Hikers might be surprised as non-hikers to learn that there are more than two dozen different kinds of hiking trails. Many of the terms will be familiar to the veteran hiker while a few are terms only land use planners could love.
Over the years I’ve used most of the terms for the kinds of hiking trails in my writing. Enjoy this list of the kinds of hiking trails excerpted from my hiker’s dictionary: Hiking from A to Z: A Dictionary of Words and Terms Used by Hikers.
Kinds of Hiking Trails:
access trail: Any trail that connects the main trail to a town, road, or another trail system.
backcountry trail: A primitive trail (can be open to motorized or nonmotorized users) in an area where there are no maintained roads or permanent buildings.
connecting or side trail: Provides additional points of access to major trails—in particular the nation’s national recreation, scenic, or historic trails per the National Trails System Act.
destination trail: A trail that connects two distinct points (a trailhead and a point of interest) the destination. The trail user returns by the same route.
directional use trail: A path designed in such a way as to encourage hikers to travel in one direction.
feeder trail: A trail designed to connect local facilities, neighborhoods, campgrounds, etc. to a main trail.
extended trail: Trails over 100 miles in length (as defined in the National Trails System Act).
hiker-biker trail: An urban paved trail designed for use by pedestrians and bicyclists.
hiking trail: Moderate to long distance trail with the primary function of providing long-distance walking experiences of a mile or more (often much more).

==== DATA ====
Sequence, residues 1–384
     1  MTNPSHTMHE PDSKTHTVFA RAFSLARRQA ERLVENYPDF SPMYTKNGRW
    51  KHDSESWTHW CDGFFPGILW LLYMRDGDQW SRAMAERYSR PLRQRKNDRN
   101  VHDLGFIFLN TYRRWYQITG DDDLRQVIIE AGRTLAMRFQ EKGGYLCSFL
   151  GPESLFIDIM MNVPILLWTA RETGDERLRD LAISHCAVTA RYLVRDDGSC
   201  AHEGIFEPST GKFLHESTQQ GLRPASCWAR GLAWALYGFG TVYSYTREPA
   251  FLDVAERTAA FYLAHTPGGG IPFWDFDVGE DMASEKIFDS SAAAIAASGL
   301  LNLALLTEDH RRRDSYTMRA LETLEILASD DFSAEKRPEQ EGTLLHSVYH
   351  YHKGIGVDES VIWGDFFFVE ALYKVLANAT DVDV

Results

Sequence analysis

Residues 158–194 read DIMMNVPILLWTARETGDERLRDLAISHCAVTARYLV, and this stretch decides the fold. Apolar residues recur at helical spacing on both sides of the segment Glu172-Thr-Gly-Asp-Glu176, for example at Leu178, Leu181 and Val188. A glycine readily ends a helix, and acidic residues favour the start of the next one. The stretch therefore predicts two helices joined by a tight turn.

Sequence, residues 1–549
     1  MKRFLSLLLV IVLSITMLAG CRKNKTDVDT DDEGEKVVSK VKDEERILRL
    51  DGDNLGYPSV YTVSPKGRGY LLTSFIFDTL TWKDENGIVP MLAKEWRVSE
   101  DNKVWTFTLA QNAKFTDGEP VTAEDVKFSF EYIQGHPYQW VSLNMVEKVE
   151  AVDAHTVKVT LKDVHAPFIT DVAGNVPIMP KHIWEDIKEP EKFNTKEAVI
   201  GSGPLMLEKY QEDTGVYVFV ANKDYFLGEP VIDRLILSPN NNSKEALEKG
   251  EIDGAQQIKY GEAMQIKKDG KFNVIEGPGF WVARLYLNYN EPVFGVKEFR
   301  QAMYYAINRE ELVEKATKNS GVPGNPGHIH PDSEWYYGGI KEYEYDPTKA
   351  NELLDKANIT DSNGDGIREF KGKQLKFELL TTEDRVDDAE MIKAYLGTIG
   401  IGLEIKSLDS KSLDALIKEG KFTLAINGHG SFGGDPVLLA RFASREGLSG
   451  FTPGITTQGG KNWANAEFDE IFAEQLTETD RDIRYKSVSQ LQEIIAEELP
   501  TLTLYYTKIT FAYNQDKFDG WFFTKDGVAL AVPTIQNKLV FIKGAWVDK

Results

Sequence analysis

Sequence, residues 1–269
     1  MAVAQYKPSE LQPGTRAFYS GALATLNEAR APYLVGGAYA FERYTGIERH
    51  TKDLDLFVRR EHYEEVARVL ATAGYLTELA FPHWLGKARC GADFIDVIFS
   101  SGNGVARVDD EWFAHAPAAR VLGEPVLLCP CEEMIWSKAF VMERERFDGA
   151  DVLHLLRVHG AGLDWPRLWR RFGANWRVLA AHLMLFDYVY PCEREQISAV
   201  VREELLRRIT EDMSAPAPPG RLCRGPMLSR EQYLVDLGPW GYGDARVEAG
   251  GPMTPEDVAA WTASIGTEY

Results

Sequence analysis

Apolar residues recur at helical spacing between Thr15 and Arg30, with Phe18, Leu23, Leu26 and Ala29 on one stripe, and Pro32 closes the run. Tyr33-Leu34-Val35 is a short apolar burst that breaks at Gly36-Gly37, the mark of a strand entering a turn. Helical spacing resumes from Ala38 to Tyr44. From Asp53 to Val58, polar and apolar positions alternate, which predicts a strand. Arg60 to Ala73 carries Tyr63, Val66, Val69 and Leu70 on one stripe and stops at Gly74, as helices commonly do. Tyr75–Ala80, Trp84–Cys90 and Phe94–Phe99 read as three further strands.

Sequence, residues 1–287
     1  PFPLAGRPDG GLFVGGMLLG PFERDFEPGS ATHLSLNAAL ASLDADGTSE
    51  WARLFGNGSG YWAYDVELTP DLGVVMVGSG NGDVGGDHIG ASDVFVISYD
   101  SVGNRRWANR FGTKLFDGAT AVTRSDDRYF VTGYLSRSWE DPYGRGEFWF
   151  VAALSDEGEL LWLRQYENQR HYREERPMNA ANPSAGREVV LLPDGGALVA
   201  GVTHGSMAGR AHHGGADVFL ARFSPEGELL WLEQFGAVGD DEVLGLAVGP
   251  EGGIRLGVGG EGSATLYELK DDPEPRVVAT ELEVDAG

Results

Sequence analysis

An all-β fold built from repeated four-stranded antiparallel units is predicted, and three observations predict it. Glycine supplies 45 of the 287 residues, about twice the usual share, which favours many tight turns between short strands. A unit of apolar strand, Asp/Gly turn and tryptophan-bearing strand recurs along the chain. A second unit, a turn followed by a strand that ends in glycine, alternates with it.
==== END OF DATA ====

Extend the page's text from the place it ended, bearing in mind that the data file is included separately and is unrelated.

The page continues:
interpretive trail (nature trail): Short to moderate lengthtrail (usually ¼ mile to 1 ½ miles long) with the primary function of providing an opportunity to walk and study interesting or unusual plants or natural features at user’s pleasure. Interpretive signs or numbers corresponding to descriptions in a pamphlet often provide information about features found en route.
fire road: Unimproved dirt road that allows fire fighting and ranger vehicles access to the backcountry.
frontcountry trail: Less emphasis is put on minimizing contact with signs of the civilized world. The main objective is to provide enjoyable trail experiences within the vicinity of developed areas by utilizing the scenic and interpretative features of semi-urban, rural, and natural environments.
long distance trail: In general a trail best characterized by length (more than 50 miles), linearity (follows a linear feature), and diversity (geographic and political).
loop trail: Trail designed so that the route is a closed circuit connecting a number of points of interest, giving hikers the option of not traveling the same section of trail more than once on a trip.
multiple-use (multi-use) trail: A trail that permits more than one user group at a time (equestrian, hiker, mountain bicyclist, etc.).
out-and-back trail: A one-way trail on which you travel to a destination then backtrack to the trailhead.
rail-trail: A multi-purpose public path (paved or natural) created along an inactive rail corridor.
recreation trail: A trail that is designed to provide a recreational experience.
side trail: A dead-end trail that leads to features near the main trail.
single-track trail: A trail only wide enough for one user to travel. Requires one user to yield the trail to allow another user to pass.
single-use trail: One that is designed and constructed for only one intended use (i.e. hiking only).
spur trail: A trail that leads from primary, secondary, or main trails to points of interest such viewpoints and campsites.
trail: Route on land with protected status and public access for recreation or transportation purposes such as walking, jogging, hiking, bicycling, horseback riding, mountain biking, and backpacking.
way trail (social trail): Unplanned/unauthorized trail that develops informally from use and not designated or maintained by a governmental agency. A good way trail might lead to a pleasant off-the-main trail surprise; a bad way trail is one made by hikers who cut switchbacks.